Gut-dependent microbial translocation induces inflammation and cardiovascular events after ST-elevation myocardial infarction

  • Xin Zhou (Creator)
  • Jing Li (Creator)
  • Junli Guo (Contributor)
  • Bin Geng (Creator)
  • Wen Jie Ji (Contributor)
  • Qian Zhao (Creator)
  • Jinlong Li (Creator)
  • Xin Lin Liu (Contributor)
  • Jun Xiang Liu (Contributor)
  • Zhao Zeng Guo (Contributor)
  • Wei Cai (Creator)
  • Yong Qiang Ma (Contributor)
  • Dong Ren (Creator)
  • Jun Miao (Creator)
  • Shaobo Chen (Contributor)
  • Zhuoli Zhang (Contributor)
  • Junru Chen (Contributor)
  • Jiuchang Zhong (Contributor)
  • Wenbin Liu (Contributor)
  • Minghui Zou (Contributor)
  • Yu Ming Li (Creator)
  • Jun Cai (Creator)



Abstract Background Post-infarction cardiovascular remodeling and heart failure are the leading cause of myocardial infarction (MI)-driven death during the past decades. Experimental observations have involved intestinal microbiota in the susceptibility to MI in mice; however, in humans, identifying whether translocation of gut bacteria to systemic circulation contributes to cardiovascular events post-MI remains a major challenge. Results Here, we carried out a metagenomic analysis to characterize the systemic bacteria in a cohort of 49 healthy control individuals, 50 stable coronary heart disease (CHD) subjects, and 100 ST-segment elevation myocardial infarction (STEMI) patients. We report for the first time higher microbial richness and diversity in the systemic microbiome of STEMI patients. More than 12% of post-STEMI blood bacteria were dominated by intestinal microbiota (Lactobacillus, Bacteroides, and Streptococcus). The significantly increased product of gut bacterial translocation (LPS and d-lactate) was correlated with systemic inflammation and predicted adverse cardiovascular events. Following experimental MI, compromised left ventricle (LV) function and intestinal hypoperfusion drove gut permeability elevation through tight junction protein suppression and intestinal mucosal injury. Upon abrogation of gut bacterial translocation by antibiotic treatment, both systemic inflammation and cardiomyocyte injury in MI mice were alleviated. Conclusions Our results provide the first evidence that cardiovascular outcomes post-MI are driven by intestinal microbiota translocation into systemic circulation. New therapeutic strategies targeting to protect the gut barrier and eliminate gut bacteria translocation may reduce or even prevent cardiovascular events post-MI.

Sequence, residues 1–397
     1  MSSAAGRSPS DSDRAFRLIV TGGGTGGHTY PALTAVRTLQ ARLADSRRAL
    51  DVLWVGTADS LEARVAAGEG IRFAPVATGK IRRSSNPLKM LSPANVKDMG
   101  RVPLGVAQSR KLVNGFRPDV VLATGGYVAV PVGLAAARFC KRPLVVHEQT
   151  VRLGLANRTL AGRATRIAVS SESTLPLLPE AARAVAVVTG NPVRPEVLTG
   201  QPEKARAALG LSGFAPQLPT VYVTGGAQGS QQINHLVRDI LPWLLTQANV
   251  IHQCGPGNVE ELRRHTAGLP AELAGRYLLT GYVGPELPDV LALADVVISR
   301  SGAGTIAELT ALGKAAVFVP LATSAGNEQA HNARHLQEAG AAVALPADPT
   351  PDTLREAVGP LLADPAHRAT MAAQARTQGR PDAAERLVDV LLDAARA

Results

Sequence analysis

Date made available2018

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